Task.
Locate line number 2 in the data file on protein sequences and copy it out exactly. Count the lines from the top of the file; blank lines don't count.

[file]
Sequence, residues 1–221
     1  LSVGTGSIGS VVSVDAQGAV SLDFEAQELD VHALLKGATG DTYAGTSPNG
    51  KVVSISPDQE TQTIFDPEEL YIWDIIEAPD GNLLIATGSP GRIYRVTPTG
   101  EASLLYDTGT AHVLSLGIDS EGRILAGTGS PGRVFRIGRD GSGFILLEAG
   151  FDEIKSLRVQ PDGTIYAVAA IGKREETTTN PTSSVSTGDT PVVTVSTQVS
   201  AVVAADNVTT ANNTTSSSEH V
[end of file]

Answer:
     1  LSVGTGSIGS VVSVDAQGAV SLDFEAQELD VHALLKGATG DTYAGTSPNG